Next up, we offer a short film of short films – the indie-animated anthology Ghost Stories (2013). Containing 11 minimalist shorts, Ghost Stories is the product of various members of the Late Nite Work Club crafting these pieces between projects and classes. MMC! is particularly fond of Charles Huettner’s The Jump, Caleb Wood’s Rat Trap, and Alex Grigg’s Phantom Limb, although Ghost Stories is an impressively satisfying effort throughout. In fact, the omnibus format of Ghost Stories produces a convivial effect, expanding the regard for these shorts by placing them alongside one another and creating a whole greater than its parts.
The Saskatoon Fantastic Film Festival closed with a massive final day that included five feature films, five shorts, and screenings of the films participating in the Festival’s 48 Hour Movie Making Challenge. SFFF closed the four day run with a trio of Asian films – the Mo Brothers’ Headshot (2015), Yeon Sang-ho’s Train to Busan (2016), and Kôji Shiraishi’s Sadako vs. Kayako (2016) – that were collected to thrill audience members and get their communal adrenaline pumping. These efforts seemed to prove successful, but the best of Day 4 was found elsewhere and the final day offered some welcome surprises along the way.
FUCKKKYOUUU‘s artistic statement reads:
With the ability to travel in time, a lonely girl finds love and comfort by connecting with her past self. Eventually faced with rejection she struggles with her identity and gender, and as time unfolds onto itself only one of them can remain.
With that synopsis in mind, Eddie Alcazar’s short is a sensorial barrage that contrasts the sensual with the horrific and annihilates any comfortable, easily accessible relationship with the film’s concept. The sound design of Flying Lotus is chillingly ethereal and operates in brooding compliment to the film’s shadowy visuals and knife-cut inserts. FUCKKKYOUUU is a densely packed voyage into sci-fi horror with undeniable affect, one that gains depth and power with multiple viewings.
IS HE MAN OR ASTRO-MAN?
Something evil has drifted into Tokyo. High security banks have been mysteriously robbed with only murdered staff left to mark the crime. The police are baffled – no fingerprints, no weapons, no clues are found. The culprit is THE HUMAN VAPOR, an atomic age nightmare spawned of science-gone-mad! Once just a harmless librarian, a scientific experiment grants him the power to disintegrate into an indestructible gaseous thing. With a city on edge and journalists keenly following this fantastic figure of modern terror, the police pursue their only clue – a beautiful dancer with an unknown sponsor financing her comeback. Is she the key to stopping the Gas Man from ruthlessly killing again?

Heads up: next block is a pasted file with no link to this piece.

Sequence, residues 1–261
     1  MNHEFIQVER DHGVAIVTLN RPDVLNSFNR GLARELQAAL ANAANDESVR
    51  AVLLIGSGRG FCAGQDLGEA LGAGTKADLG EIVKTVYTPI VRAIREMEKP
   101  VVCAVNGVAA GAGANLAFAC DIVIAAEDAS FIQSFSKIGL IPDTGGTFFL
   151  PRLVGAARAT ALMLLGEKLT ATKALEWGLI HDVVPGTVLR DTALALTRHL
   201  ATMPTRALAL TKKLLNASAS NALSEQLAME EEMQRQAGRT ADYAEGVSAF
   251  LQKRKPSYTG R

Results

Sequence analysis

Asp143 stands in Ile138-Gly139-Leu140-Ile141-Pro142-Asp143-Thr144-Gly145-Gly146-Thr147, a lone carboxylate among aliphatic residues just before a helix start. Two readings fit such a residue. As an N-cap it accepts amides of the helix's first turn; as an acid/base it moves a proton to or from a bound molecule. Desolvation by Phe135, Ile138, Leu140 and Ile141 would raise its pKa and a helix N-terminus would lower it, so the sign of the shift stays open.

Following in the footsteps of their 1954 sci-fi classic Godzilla, director Ishiro Honda, special effects designer Eiji Tsuburaya, editor Kazuji Taira, and producer Tomoyuki Tanaka create a new story of irradiated horror, this time with a human face. The Human Vapor is presented here, for the first time, in high definition presentations of both the original Japanese version and the recut American version that transforms Honda’s film from a science fiction mystery into a flashback tale told by the Gas Man himself.
- New high definition digital transfer of the original Japanese cut of The Human Vapor and of the American version recut by Brenco Pictures
- High definition Blu-ray (1080p) and Standard Definition DVD presentations
- Original Japanese and English mono audio soundtracks (uncompressed PCM on the Blu-ray)
- Newly translated English subtitles for the Japanese soundtrack
- Optional English subtitles for the deaf and hard of hearing for the English soundtrack
- Audio commentary by actress Kaoru Yachigusa
- Interview with special effects designer Koichi Kawakita
- Half Man … Half Beast! – featurette on Eiji Tsuburaya’s special effects with special effects photographer Motoyoshi Tomioka
- Theatrical trailers
- Illustrated collector’s booklet featuring new writing by David Kalat, an essay by special effects designer Koichi Kawakita, behind the scenes photos, and poster art
Hey kids, enjoy the fun of fleeing for your life and abandoning your spaceship to an unstoppable monster!
Were kids in 1979 clamouring for an 18-inch replica toy of a terrifying monster from an R-rated movie? That’s hard too imagine (although that toy looks pretty great). I love the idea that when some young boy wasn’t looking, that Alien doll was stolen by some little girl who put a bonnet on it and seated it at a tiny table as a guest at an imagined tea party. “Would you like a biscuit, Mrs. Scaryskullface?” “Yessssssssssss.”
It’s inevitable. At some point everyday, each of us think back to 2005, to Burger King’s introduction of the TenderCrisp Chicken Bacon Ranch burger, and to David LaChapelle’s “Fantasy Ranch” ad campaign, a trippy, countrified, sweetly perverse TV ad featuring Darius Rucker, Vida Guerra, Brooke Burke, and the Dallas Cowboy Cheerleaders. But as much as we all love this crassly commercial riff on “Big Rock Candy Mountain,” universal questions still get asked – Why isn’t it nightmarish or disgusting? Why isn’t it Kubrickian in its point of reference? And where are the references to Tommy Wiseau and The Room (2003)? Thankfully, Nick DenBoer and Davy Force have answered these questions with The Chickening (2015), a proof of concept pseudo-trailer and your latest masterpiece in “Cinegraffiti” (unless you’re my wife, who hated this and considered it nightmare fuel).